Season of Storms – 4/5 Stars
If I haven’t said it before, I really like the sidequests more than the main quest. So far I have read the first two main novels, this novel which is a bit of a prequel, and the two story collections, but of which tell of previous adventures and previous meetings. I would gladly read many more novels and collections that move away from the main story for a few reasons. One, the main story is often focused on political intrigue, but in large ways, and that’s perfectly interesting, but I don’t quite like the way it functions here. Two, the smaller interactions are much more interesting and weird. Plus, they tend to be more character driven. For example, a very large part of this novel is concerned with Geralt having his swords stolen and looking to find them or replace them. We learn that the special techniques of his sword-fighting means that a perfectly balanced and fitting sword would take a year or more to perfect. This is funny if you’ve played the game as most of the swords are a lot like each other and you end up changing and upgrading them a lot.
There’s a sense that this book is a bit of an extra book, that it doesn’t move the story much, but does offer up more of the things we like. I wouldn’t know that exactly as I still have 60% of the main stories left, which includes the two later novels which are significantly longer.
Porterhouse Blue – 2/5 Stars
|I didn’t really like this novel, and I probably could have told you that going in by looking at the cover of my copy. On my copy there’s some outlandish caricatures of campus novel figures from the old codger of a professor emeritus (or whatever it would be called in a British university college), the penny-pinching craven dean, and the new seductress lady who is causing all kinds of issues.
I am not a super mature person or anything, but the kind of humor here, which trends toward bawdy and oafish, while also being cutting and sardonic is probably successful and fun for this novel if you’re experiences give you a better foothold on the referents. But it didn’t for me.
Everything that Rises Must Converge – 5/5 Stars
I’ve read this book a dozen times maybe, and I’ve also already written a longish review in the past about it, so I am going to mostly muse a little about it. The book is her second collection and the writing of these stories take us up close to her death. There’s always something fascinating about reading an author’s work when we know they are about to die. This is probably a case where Flannery O’Connor also knew she was about to die. So many of her stories deal with a similar phenomenon: where someone kind of figures our they’re about die. Whether this happens over the longer course of an illness, or because of old age, or in a single moment just before. In the first collection, “A Good Man is Hard to Find,” the grandmother, who is officious and racist and awful to her family, has a moment of grace right before she dies that possibly saves her. In “The Life You Save May Be Your Own,” we shouldn’t hold out much hope for Tom T Shiflet, our runaway husband. In this collection, this moment happens for two of our character — Mrs May in “Greenleaf” right before she’s gored by the bull, she has a moment to reflect, a coup de grace if you will. However, in “The Enduring Chill” what seems like a possible moment gives way to a lifetime of annoying suffering. In that story our main character wants to inflict suffering on his (not) poor mother by dying and writing her a letter with all her sins so that when he dies, she will be left with a lifetime of “chill” to remember him by. He’s an unpublished and possibly untalented (hard to tell when he’s not written much) writer who is stuck in the cycle of blaming his mother, looking toward art, art failing him, and blaming his mother for that.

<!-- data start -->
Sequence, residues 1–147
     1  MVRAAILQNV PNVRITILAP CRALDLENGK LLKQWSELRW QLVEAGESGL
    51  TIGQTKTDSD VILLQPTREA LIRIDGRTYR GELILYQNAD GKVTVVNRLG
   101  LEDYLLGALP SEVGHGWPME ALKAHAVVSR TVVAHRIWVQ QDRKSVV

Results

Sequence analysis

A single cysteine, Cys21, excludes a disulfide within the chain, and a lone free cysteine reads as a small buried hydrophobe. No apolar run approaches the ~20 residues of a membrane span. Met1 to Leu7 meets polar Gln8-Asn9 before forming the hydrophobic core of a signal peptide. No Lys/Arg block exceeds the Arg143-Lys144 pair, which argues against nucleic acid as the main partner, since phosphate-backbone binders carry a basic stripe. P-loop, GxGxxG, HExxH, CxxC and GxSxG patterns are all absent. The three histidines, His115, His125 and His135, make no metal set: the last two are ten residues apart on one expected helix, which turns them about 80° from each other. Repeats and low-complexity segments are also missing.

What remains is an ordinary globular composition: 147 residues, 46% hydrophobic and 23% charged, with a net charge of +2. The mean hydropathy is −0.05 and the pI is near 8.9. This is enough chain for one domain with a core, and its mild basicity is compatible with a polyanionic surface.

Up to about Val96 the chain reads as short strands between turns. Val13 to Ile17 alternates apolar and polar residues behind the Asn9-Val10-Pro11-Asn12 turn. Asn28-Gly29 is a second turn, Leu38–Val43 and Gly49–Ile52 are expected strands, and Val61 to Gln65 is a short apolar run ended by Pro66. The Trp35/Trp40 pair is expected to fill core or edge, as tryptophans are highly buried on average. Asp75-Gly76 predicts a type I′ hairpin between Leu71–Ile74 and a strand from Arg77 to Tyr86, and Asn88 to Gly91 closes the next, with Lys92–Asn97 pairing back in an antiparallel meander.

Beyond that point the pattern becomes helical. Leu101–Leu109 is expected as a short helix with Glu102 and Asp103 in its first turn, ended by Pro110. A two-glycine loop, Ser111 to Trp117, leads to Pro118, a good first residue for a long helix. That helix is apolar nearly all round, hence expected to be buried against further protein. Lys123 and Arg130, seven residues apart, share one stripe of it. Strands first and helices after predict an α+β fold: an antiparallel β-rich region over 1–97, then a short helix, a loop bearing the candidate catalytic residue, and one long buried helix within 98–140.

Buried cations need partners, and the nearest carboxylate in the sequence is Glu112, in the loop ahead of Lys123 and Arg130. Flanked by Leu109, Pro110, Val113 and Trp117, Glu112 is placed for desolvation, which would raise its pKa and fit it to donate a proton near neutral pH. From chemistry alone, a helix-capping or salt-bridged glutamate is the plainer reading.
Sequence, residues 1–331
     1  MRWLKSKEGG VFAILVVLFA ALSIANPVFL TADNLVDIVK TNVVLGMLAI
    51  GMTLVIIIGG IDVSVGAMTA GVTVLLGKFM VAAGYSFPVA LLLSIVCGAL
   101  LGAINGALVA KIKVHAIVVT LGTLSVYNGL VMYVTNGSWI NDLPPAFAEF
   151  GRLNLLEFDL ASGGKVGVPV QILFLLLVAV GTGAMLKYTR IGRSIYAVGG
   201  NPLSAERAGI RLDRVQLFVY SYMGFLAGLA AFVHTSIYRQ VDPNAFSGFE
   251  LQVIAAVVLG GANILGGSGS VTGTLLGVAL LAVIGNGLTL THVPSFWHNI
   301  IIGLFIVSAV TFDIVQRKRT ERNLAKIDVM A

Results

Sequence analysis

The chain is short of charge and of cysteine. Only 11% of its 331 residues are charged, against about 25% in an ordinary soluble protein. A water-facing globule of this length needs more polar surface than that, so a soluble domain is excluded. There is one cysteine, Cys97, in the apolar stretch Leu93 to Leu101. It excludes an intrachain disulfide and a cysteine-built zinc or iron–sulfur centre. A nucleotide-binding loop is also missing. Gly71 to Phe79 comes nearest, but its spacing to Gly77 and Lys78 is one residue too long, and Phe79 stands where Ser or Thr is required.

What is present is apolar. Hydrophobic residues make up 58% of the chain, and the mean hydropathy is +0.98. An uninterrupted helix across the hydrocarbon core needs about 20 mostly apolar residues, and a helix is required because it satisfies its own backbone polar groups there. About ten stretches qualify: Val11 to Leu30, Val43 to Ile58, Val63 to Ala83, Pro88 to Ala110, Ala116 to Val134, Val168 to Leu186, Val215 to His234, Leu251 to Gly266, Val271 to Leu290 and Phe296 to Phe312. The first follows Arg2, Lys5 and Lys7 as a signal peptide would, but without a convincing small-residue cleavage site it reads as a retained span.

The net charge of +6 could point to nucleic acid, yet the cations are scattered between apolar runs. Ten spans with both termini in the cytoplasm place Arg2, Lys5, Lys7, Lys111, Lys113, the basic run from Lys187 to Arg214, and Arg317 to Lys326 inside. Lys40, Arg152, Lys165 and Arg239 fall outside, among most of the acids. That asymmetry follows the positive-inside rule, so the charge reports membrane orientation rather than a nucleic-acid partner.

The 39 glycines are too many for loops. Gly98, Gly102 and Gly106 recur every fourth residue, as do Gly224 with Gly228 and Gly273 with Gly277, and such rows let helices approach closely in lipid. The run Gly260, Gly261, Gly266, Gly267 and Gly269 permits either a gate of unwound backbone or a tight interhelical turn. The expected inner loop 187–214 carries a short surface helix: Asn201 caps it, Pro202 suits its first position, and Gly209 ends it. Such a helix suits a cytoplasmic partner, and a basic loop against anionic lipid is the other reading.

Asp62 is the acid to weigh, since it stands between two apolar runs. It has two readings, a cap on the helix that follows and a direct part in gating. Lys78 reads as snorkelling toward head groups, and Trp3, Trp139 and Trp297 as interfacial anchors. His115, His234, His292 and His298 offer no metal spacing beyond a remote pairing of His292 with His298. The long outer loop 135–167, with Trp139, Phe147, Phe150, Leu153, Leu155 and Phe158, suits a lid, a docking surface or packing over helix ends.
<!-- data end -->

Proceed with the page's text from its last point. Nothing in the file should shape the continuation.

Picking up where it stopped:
The other stories in this collection tend not to have those moments. But they often have a different kind of moment, where someone decides what’s best for someone else, makes it happen, and realizes not only that it doesn’t work out the way they planned, but comes at a significant cost. For example, in the title story, our protagonist decides that his racist mother needs her comeuppance. It’s the 1960s after all and integration is fast becoming a reality. His problem of course is that he wants to wield Black people as weapons against his mother not actually get to know any people himself. He’s the kind of liberal he takes the right stands, but certainly doesn’t live the life they require. In “Parker’s Back” a heavily tattooed man who is married to a devout Christian has just about decided to leave her when she gets pregnant. She hates his tattoos, but married him anyway. He’s been saving his back, not out of sacrifice, but because he likes to look at the handiwork, and decides to get a huge tattoo of Jesus back there as a present. You can imagine how that goes over.
The collection is just wall-to-wall solid. The stories are old in their approach, almost 19th century in heft, with the obvious sentiment and idiom of the 20th century. Her death which shadows this whole collection is such a significant loss to all of us.